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Responsive & Efficient Immigration Legal Services

October 2013 Archives

Don't forget your bride or groom on your wedding day

Imagine this: you have fallen in love with a man or a woman who lives outside of the United States. You have somehow managed to make your long-distance relationship work and now you want to propose, but have you thought through the logistics of the wedding and the marriage? If you are both going to be living in the United States, how is he or she going to get to Reading? What if he or she can't get a tourist visa because it is pretty obvious to consular officials that he or she doesn't plan on returning to his or her home country?

When Americans are held in immigration detention

Many people in Lancaster County know that there are people held in immigration detention centers for allegedly violating immigration laws. Many of these people will eventually face deportation proceedings and could be removed from the country. Though they may be returning to the countries of their citizenship, they may be leaving their familes, all of their friends and nearly everything in their lives behind.

Years apart: spouses wait for green cards

We have previously talked about how the U.S. immigration system allows for American citizens to sponsor their spouses for immigration visas, but just because two people are married doesn't mean that they will always be able to be together. Take, for example, the case of a couple who had to wait for quite a while before the husband was able to get a green card and join his wife in the United States. For them, the immigration system kept their family apart for two long years.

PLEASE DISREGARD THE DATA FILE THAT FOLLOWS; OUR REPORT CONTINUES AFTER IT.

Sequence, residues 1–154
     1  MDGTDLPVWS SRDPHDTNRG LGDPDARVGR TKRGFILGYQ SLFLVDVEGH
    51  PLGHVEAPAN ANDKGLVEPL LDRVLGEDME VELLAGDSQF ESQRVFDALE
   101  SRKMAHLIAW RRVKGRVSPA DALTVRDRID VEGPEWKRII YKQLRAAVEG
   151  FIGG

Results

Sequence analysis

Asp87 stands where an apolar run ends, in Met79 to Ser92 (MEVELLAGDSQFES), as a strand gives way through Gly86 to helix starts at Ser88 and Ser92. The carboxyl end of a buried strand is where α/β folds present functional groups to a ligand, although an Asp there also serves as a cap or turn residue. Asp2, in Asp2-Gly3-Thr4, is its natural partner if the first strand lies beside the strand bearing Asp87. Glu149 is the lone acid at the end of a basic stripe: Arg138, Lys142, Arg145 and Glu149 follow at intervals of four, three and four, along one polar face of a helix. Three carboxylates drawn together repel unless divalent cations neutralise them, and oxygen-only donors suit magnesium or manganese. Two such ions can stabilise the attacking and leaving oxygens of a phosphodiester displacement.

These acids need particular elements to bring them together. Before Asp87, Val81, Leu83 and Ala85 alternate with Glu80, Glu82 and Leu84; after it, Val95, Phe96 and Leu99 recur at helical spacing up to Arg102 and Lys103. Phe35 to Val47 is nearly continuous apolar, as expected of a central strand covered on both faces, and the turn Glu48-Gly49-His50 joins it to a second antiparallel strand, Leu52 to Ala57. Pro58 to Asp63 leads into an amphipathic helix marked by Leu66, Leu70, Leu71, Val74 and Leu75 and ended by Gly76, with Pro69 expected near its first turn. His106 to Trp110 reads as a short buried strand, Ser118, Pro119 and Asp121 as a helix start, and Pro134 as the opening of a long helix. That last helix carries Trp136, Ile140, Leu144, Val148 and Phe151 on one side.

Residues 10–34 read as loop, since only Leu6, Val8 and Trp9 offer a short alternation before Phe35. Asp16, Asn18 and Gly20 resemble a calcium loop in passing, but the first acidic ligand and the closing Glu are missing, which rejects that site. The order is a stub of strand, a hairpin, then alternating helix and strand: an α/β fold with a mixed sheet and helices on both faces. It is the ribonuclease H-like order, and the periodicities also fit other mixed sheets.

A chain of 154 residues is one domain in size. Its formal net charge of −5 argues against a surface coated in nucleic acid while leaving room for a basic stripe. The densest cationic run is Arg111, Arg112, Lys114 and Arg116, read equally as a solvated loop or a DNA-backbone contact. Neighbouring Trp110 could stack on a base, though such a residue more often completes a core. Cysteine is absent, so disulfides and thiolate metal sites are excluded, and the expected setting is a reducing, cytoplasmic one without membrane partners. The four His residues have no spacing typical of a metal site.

How does the government shutdown impact immigration?

It is likely that some individuals residing in the state of Pennsylvania are feeling the effects of the government shutdown. The shutdown impacts programs and services involving a variety of areas, including immigration. Those who have immigration matters that need to be worked through may be wondering if, and how, the shutdown will affect their issue. The answer to that question depends on the nature of the matter that is to be resolved.

Media portrays asylum seekers as liars

Imagine fleeing your home country afraid that if you don't get out, you will be killed. You are targeted because of something that you really can't change or shouldn't have to change, like your political beliefs, your membership in a specific social group or your sexual orientation. Imagine finally getting out and finding your way to Lancaster. You even make it through the difficult asylum process and are given a green card. You are living happily in a safe, new home, but you notice that your neighbors and community members are suspicious of you. Unfortunately, this is a phenomenon that many asylum seekers experience when trying to settle in the United States.